In the world of Linux, the
setserial command is a powerful tool designed to set and/or report the configuration information associated with a serial port. This command is particularly useful for system administrators and developers who need to manage and troubleshoot serial devices on a Linux system. This article will provide a comprehensive guide on how to use the
setserial command, including its installation, basic usage, advanced configurations, and best practices.
setserial is a program that allows users to set or report the configuration of a serial port. This includes information such as the I/O port and IRQ a particular serial port is using, and whether or not the break key should be interpreted as the Secure Attention Key, among other things. It’s important to note that for the most part, superuser privilege is required to set the configuration parameters of a serial port.
Installation of setserial
setserial, you can use the package manager of your Linux distribution. For Debian-based systems like Ubuntu, you would use:
sudo apt install setserial
For Red Hat-based systems like Fedora, you would use:
sudo dnf install setserial
For Arch Linux-based systems like Manjaro, you would use:
sudo pacman -S setserial
After installation, you can verify that
setserial is installed and working correctly by typing
setserial in the terminal. If the command is recognized, it means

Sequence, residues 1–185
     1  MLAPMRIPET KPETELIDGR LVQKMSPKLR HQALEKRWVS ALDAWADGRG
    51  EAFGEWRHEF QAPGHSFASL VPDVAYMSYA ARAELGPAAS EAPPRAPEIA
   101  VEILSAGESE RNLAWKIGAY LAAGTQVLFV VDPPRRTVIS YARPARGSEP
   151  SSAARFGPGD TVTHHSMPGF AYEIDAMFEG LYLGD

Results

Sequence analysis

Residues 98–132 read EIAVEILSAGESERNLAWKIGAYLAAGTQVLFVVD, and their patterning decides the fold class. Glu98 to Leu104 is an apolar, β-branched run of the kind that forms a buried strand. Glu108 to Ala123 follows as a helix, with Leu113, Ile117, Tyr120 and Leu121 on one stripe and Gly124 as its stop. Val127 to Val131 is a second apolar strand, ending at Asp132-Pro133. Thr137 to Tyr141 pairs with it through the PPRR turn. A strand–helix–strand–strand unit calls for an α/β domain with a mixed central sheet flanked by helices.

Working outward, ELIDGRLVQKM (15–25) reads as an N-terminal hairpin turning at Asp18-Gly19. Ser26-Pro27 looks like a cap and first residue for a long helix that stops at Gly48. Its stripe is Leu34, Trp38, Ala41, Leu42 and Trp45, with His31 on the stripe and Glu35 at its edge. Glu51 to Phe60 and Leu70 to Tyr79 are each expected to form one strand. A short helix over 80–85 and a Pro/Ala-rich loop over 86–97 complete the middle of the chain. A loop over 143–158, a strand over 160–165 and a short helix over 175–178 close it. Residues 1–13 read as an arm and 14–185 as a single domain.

setserial is installed correctly.
Basic Usage of setserial
The basic syntax for the
setserial command is:
setserial [options] device [parameter1 [arg]] ...
device refers to the serial device you want to modify (e.g.,
parameter1 [arg] refers to the parameters you want to set for the device.
To display the current configuration of serial ports, use
# setserial -g /dev/ttyS* /dev/ttyS0, UART: 16550A, Port: 0x03f8, IRQ: 4 /dev/ttyS1, UART: 16550A, Port: 0x02f8, IRQ: 3
/dev/ttyS1. To query a single port, provide the device name:
# setserial /dev/ttyS1 /dev/ttyS1, UART: 16550A, Port: 0x02f8, IRQ: 3
To set parameters for a serial port, you can use the following syntax:
setserial /dev/ttyS0 irq 3
This command sets the IRQ for
/dev/ttyS0 to 3. You can also set multiple parameters at once:
setserial /dev/ttyS0 port 0x02e8 irq 3 baud_base 115200
This sets the port, IRQ, and baud_base for
setserial also allows for advanced configuration options, such as setting the UART type or configuring multiport cards. However, it is crucial to be cautious with these settings as incorrect configurations can cause system issues.
If you encounter issues with
setserial, ensure that you have the correct permissions to modify serial port settings (usually root access is required). Also, verify that the parameters you are setting are correct for your hardware. Incorrect I/O port or IRQ settings can lead to system instability.
setserial command is a powerful tool in Linux for managing and troubleshooting serial devices. By understanding its basic and advanced usage, system administrators and developers can effectively manage serial devices on a Linux system. As with any powerful tool, caution and best practices should be followed to ensure safe and effective use. With the knowledge provided in this article, you are now equipped to explore and utilize the
setserial command in your Linux journey.